Author(s): Lin JF, Li YC, Yang PL
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Abstract A 35-year-old man was referred to the emergency department after having a short syncopal episode while waiting for a Doppler scan of the lower extremities for a 4-week history of a painful right leg. He had no significant past medical history and was a non-smoker. On presentation he had severe chest pain and dyspnea associated with diaphoresis, and was hemodynamically unstable. His initial electrocardiogram (ECG) showed ST segment elevations in leads V(1-4), mimicking an anteroseptal myocardial infarction. However, the angiography showed the coronary arteries were normal and the right main pulmonary artery was partially occluded by large pulmonary emboli. The ECG changes were recorded in detail which also pointed to the diagnosis of pulmonary embolism (PE). This case shows how a PE can mimic an anteroseptal myocardial infarction on ECG, and the physiopathology of the ST elevation in PE was discussed.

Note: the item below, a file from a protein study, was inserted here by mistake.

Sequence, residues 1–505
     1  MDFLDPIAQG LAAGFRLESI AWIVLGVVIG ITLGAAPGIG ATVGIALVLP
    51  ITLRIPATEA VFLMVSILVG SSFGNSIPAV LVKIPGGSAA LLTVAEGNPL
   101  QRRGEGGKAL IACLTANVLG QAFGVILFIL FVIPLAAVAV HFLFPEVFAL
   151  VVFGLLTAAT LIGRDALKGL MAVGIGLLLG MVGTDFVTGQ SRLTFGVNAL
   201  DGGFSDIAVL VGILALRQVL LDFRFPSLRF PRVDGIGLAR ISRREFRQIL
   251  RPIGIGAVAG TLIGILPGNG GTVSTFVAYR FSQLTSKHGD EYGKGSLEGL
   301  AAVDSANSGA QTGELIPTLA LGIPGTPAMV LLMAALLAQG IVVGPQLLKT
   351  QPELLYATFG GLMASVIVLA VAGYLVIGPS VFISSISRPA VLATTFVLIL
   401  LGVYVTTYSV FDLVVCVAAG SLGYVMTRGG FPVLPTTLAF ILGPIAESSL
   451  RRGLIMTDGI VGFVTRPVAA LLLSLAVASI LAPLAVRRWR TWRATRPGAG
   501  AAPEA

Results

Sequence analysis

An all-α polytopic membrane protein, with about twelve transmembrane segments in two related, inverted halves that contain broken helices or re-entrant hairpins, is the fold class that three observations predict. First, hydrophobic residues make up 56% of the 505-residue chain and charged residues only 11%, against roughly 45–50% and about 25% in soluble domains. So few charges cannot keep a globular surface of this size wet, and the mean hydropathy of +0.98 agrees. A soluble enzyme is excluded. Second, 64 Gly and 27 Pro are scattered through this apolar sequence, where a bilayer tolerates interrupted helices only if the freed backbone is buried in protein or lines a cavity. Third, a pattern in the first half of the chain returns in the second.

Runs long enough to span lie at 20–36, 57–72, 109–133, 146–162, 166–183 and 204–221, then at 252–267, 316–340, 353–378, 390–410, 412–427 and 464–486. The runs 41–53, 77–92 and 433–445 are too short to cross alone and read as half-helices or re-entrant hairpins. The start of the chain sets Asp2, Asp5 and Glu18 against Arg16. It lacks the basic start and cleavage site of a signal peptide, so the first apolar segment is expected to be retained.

This article was published in Circ J
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